I believe Derbyshire's north. Lots of people from Cambridge disagree with me though, so I've kind of given up on the point. A friend was convinced that Manchester was North, but Retford wasn't, until I pointed out that if you drew a straight line across the country from my house he was south of it.

did the photographer really catch Jeannine pinching your bum at the wedding

I really have to see these wedding pictures... go on, you know my broadband can take it :-) Although I'd like to think I'd have remembered that... :-)
[User Picture]
From:teleute
Date:February 28th, 2004 02:26 am (UTC)
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But my parents only moved to Durham when I was 18. I was born in Yorkshire (making me a northerner, dammit), but I grew up in Oxford, hence the severe lack of nothern accent.
[User Picture]
From:robert_jones
Date:February 28th, 2004 12:56 pm (UTC)
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As any fule kno, it is the Thames which constitutes the North/South boundary.
From:neonchameleon
Date:February 28th, 2004 02:52 pm (UTC)
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Do you mean the Isis?
From:neonchameleon
Date:February 25th, 2004 12:27 pm (UTC)
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We've got two solutions here in ixwin's journal.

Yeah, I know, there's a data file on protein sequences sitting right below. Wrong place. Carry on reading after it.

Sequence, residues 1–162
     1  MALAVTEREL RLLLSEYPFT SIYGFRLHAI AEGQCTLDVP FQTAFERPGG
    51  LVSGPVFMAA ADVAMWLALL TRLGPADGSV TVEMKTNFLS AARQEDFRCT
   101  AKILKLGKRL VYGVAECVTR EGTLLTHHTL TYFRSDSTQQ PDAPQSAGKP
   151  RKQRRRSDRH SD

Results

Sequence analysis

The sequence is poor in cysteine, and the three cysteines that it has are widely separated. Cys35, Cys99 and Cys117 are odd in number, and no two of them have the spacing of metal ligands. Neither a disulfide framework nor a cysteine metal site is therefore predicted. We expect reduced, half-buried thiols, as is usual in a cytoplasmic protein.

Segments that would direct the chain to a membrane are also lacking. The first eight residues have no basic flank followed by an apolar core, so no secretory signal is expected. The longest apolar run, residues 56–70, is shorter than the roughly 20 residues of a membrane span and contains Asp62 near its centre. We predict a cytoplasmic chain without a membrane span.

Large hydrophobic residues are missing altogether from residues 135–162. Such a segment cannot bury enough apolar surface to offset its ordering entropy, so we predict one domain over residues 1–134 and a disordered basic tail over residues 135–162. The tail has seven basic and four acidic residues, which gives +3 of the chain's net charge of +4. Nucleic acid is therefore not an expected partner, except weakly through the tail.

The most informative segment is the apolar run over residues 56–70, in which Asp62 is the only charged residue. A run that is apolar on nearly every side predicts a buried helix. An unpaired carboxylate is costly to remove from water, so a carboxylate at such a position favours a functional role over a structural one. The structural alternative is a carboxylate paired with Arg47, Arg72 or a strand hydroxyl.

[User Picture]
From:atreic
Date:February 27th, 2004 01:37 pm (UTC)
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Cheers!

(Err, who are you, and why are you reading this? I don't mind, I'm just nosey...)
From:neonchameleon
Date:February 27th, 2004 05:05 pm (UTC)
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Just wandered in when ixwin said she'd found the problem in your LJ. As for who I am, an Oxford maths graduate (so I doubt we've met), now living in Bedford and who tends to waste time browsing other peoples LJs when linked (and yours seems reasonably interesting).
[User Picture]
From:atreic
Date:February 29th, 2004 11:11 pm (UTC)
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Oxford, maths... hmmm, you probably know some of the OULES lot then?

(Have friended you as you said my journal was interesting. Have no idea what the logic of that is even in my own brain. Maybe the dull friends only posts will proove you wrong :-) Oh, and you're a mathematician, so you must be interesting, right?)
From:neonchameleon
Date:March 1st, 2004 06:19 pm (UTC)
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hmmm, you probably know some of the OULES lot then?

Not many. Noga's the only one that springs to mind.

Oh, and you're a mathematician, so you must be interesting, right?

I hope so :-) Actually, mathematicians IME seem to come in two flavours- interesting and dull except on two or three very narrow subjects. Fortunately you don't see many of the latter as tehy tend to spend their time in the Rad Cam (or wherever the Cambridge maths library is).

Have friended you back.